Like other countries in western Europe, Belgium is littered with stunning, Gothic-styled churches whose flying buttresses and soaring stained-glass windows inspire awe. But the country is also home to a church that, while tiny, monochromatic, and lacking adornment, is breathtaking in its own way.
Located in a field in the Flemish province of Limburg, and accessible only by foot or bicycle, Reading Between the Lines is a church that appears either solid or half-dissolved, depending on the angle from which you view it. Installed in 2011, the structure, created by Belgian architectural duo Gijs Van Vaerenbergh, was inspired by the traditional churches of the region. Reading Between the Lines is 33 feet tall and consists of 100 layers of stacked steel plate, interspersed with short columns to create the see-through effect.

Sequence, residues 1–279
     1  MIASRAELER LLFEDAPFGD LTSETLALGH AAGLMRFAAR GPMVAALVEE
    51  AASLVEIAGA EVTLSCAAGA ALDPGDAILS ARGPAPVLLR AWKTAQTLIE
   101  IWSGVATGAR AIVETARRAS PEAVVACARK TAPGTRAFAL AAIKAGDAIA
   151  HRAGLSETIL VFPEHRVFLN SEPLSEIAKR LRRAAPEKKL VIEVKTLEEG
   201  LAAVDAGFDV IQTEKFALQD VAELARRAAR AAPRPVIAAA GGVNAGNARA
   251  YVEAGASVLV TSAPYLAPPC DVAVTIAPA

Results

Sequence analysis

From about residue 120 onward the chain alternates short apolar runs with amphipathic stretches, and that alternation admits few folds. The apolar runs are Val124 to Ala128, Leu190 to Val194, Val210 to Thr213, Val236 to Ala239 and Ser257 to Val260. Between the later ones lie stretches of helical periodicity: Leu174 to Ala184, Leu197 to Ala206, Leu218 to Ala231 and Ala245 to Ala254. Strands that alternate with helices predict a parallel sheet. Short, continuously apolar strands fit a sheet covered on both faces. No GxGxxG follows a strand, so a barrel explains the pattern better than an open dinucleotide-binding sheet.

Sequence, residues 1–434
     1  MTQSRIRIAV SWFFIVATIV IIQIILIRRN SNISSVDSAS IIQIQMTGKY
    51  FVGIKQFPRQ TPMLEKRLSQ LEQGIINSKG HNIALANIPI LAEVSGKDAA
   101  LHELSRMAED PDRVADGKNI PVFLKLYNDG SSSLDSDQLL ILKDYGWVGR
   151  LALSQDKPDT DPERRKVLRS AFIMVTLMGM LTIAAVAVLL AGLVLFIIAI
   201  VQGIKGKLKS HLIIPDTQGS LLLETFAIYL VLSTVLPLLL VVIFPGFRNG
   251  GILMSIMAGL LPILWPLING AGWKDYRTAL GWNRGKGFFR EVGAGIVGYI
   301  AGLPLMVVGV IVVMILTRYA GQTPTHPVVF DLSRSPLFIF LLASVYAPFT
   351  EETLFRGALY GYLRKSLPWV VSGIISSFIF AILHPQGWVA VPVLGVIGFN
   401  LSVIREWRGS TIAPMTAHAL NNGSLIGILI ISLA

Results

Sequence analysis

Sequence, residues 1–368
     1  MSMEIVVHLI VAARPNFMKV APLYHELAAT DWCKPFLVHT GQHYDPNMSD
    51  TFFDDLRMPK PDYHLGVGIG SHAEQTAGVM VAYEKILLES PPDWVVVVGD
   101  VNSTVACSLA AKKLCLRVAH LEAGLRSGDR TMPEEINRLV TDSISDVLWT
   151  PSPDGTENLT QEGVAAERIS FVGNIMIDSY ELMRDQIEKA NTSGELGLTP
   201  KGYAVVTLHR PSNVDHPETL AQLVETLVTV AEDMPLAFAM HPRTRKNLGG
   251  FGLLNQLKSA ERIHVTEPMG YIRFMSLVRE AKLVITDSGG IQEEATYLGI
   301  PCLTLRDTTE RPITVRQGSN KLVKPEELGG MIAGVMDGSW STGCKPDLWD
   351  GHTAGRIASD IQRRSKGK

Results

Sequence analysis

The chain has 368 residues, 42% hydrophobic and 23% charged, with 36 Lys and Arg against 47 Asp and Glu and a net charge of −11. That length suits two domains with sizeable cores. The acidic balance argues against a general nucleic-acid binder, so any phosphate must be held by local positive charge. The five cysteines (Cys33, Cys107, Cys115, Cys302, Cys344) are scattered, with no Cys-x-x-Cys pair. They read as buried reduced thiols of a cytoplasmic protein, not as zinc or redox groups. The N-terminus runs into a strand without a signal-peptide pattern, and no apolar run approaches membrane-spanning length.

The church is part of a public art initiative led by Z33, a contemporary art museum in the Limburg town of Hasselt. No scheduled worship services take place inside, but visitors are welcome to enter the church and praise their deity of choice, whether it be God, art, or Carl Sagan.
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